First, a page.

Dear Commissioner Oettinger,
The Spanish power sector is currently undergoing a new legislative reform which, if adopted, will bring more uncertainty and additional retroactive measures to an already damaged PV industry.
Since 2010, the Spanish Government has been targeting renewable technologies support schemes by approving retroactive amendments to the regulatory framework. As a result, PV plants have decreased their initially expected income by 30%-40%. More than half of the Spanish PV companies have disappeared from the market since 2008. The New Electricity Sector Act currently under discussion in the Spanish Parliament would endanger even more the future of the PV industry in Spain.
More specifically, the new legislative proposal:
· is against European Union legislation,
· represents a radical change of the remuneration system for all renewable energy sources,
· will jeopardize project promoters’ capability to stand their financial obligations to the banking sector,
· will bring several PV plants to an early decommissioning,
· will drive many PV companies out of business.
In particular, the new Electricity Sector Act would severely restrict self-consumption of PV electricity by:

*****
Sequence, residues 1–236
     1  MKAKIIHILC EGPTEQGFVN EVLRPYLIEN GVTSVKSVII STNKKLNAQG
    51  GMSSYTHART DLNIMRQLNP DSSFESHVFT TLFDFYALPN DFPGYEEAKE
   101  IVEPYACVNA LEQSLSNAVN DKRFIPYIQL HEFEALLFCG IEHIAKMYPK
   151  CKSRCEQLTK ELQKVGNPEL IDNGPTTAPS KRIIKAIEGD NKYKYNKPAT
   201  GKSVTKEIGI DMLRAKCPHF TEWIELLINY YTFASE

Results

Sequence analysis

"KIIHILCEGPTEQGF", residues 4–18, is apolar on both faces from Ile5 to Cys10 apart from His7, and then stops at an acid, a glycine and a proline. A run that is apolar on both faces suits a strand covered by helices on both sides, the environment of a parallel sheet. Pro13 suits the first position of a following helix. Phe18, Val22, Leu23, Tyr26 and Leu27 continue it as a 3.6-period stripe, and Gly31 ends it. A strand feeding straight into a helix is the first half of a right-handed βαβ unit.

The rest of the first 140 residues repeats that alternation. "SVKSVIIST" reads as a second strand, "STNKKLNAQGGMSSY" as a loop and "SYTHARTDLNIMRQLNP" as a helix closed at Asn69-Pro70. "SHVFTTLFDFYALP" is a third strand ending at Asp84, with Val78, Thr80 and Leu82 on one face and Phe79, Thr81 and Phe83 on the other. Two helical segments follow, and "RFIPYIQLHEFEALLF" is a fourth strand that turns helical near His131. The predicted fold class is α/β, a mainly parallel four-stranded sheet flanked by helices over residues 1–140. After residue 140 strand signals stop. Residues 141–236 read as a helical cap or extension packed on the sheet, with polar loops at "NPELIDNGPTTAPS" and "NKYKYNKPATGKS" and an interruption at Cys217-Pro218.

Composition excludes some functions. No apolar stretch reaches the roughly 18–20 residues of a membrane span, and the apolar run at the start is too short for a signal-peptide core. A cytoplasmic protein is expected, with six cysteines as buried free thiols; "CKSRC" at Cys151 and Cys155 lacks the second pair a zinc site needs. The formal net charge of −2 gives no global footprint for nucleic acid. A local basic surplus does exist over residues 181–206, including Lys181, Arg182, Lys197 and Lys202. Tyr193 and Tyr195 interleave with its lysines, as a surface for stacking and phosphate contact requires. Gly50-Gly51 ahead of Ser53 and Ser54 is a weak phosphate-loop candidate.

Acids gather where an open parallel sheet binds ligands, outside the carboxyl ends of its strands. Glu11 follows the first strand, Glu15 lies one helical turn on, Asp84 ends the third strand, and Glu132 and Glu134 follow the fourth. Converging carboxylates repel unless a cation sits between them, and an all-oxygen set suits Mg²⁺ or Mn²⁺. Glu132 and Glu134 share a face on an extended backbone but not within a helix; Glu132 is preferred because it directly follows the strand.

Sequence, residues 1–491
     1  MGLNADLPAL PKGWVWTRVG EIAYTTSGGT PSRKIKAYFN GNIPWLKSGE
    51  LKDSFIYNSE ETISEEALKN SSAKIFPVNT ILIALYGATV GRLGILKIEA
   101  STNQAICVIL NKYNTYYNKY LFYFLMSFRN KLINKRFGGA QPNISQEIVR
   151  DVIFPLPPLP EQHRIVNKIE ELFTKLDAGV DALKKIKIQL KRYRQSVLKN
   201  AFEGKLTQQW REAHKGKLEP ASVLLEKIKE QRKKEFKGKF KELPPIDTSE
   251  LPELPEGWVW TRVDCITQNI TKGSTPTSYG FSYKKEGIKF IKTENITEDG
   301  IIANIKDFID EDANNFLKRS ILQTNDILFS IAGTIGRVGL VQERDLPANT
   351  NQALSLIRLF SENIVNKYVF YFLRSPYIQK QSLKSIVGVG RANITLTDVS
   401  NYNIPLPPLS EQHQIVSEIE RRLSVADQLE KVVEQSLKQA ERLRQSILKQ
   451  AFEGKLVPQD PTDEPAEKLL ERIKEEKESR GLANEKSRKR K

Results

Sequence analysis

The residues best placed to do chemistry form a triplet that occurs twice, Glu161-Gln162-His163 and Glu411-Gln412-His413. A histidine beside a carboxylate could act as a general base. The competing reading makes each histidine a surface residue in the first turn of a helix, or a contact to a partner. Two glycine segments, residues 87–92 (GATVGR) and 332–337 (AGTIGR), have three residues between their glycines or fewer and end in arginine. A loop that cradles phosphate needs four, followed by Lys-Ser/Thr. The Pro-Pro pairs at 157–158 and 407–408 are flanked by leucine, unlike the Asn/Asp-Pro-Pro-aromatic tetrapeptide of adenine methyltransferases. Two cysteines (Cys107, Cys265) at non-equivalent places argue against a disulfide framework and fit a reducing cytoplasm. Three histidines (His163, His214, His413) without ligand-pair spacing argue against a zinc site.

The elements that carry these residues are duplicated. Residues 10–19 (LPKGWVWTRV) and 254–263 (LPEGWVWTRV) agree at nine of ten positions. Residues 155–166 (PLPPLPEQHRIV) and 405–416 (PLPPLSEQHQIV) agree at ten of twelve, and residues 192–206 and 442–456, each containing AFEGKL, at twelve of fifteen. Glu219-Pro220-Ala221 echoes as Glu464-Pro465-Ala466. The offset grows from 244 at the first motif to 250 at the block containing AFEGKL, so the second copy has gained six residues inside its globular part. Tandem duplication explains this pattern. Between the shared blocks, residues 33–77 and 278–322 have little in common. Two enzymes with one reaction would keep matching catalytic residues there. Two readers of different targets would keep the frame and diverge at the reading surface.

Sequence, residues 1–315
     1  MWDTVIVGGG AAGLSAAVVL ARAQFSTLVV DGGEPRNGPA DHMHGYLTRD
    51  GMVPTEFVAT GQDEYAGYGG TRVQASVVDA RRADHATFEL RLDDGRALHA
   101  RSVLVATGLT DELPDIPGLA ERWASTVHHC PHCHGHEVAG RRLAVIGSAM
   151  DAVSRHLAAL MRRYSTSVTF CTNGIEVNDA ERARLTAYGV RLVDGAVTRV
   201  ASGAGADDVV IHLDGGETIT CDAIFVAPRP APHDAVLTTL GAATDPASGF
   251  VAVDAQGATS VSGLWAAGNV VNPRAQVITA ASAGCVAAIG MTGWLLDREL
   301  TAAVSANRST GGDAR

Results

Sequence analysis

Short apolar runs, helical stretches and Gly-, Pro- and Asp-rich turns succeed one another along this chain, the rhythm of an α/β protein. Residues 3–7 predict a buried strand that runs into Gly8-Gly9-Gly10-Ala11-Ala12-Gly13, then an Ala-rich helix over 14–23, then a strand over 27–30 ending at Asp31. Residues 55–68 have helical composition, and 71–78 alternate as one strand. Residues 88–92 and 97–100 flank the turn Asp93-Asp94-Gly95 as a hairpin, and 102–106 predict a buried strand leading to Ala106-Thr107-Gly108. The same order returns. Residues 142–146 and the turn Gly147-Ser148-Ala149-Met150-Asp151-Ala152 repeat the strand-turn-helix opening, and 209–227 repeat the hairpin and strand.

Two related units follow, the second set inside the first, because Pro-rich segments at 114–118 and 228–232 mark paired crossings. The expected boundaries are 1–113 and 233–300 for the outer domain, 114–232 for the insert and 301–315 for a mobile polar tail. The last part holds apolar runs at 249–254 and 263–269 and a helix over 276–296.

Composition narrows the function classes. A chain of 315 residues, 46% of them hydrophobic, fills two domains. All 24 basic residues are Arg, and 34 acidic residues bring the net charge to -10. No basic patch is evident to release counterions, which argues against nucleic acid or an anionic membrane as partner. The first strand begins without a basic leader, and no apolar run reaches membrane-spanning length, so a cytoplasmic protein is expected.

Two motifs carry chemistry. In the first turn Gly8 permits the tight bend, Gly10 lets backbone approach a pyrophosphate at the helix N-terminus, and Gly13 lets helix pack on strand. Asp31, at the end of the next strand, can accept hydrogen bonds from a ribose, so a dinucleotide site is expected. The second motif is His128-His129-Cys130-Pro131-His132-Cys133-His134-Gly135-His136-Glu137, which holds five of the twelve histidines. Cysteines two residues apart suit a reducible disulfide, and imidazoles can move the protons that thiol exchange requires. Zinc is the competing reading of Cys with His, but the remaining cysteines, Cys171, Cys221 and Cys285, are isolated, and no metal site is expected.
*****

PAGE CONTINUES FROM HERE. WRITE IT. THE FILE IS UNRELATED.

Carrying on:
· limiting it to individual projects,
· restricting the type of buildings where projects can be installed ,
· not taking into consideration any form of Net metering,
· imposing a fee on self-consumed electricity.
Such proposals represent a clear setback and have already received numerous negative opinions from a wide range of stakeholders (traditional utilities,
Furthermore, the Spanish Energy Regulator (Comisión Nacional de la Energía – CNE) and the National Competition Commission (Comisión Nacional de la Competencia-CNC), together with the Council of State, have expressed their reservations with regard to key aspects of the draft proposal. In particular, they criticized its retroactive application and discriminatory character towards renewables and self-consumption, as well as its infringement of free trade principles.
More specifically, the CNC’s opinion states: “penalizing self consumption amounts to penalizing only one particular technology, that is, to produce energy through PV panels”. Therefore, the draft Electricity Sector Act has to be considered as not only endangering EU’s renewable energy policies but also as breaching competition rules.
You will find enclosed a background document describing in detail the consequences of the proponed Electricity Sector Act and its damaging effects on the PV industry.
In summary, the proposed Electricity Sector Act undermines the internal market and runs in contradiction with the Renewable Energy Directive. It is retroactive, discriminatory and hinders fair competition. It will seriously damage the investment climate for photovoltaics, not only in Spain but throughout Europe, by turning PV into a perceived risky investment.
We therefore urge you to investigate any possible violation of the European law and take all necessary actions to give a new perspective to the Spanish Renewable Energy Sector.
We would like to thank you for taking this into consideration.
– Winfried Hoffmann, President, EPIA – the European Photovoltaic Industry Association
– Jorge Barredo, President, UNEF Unión Española Fotovoltaica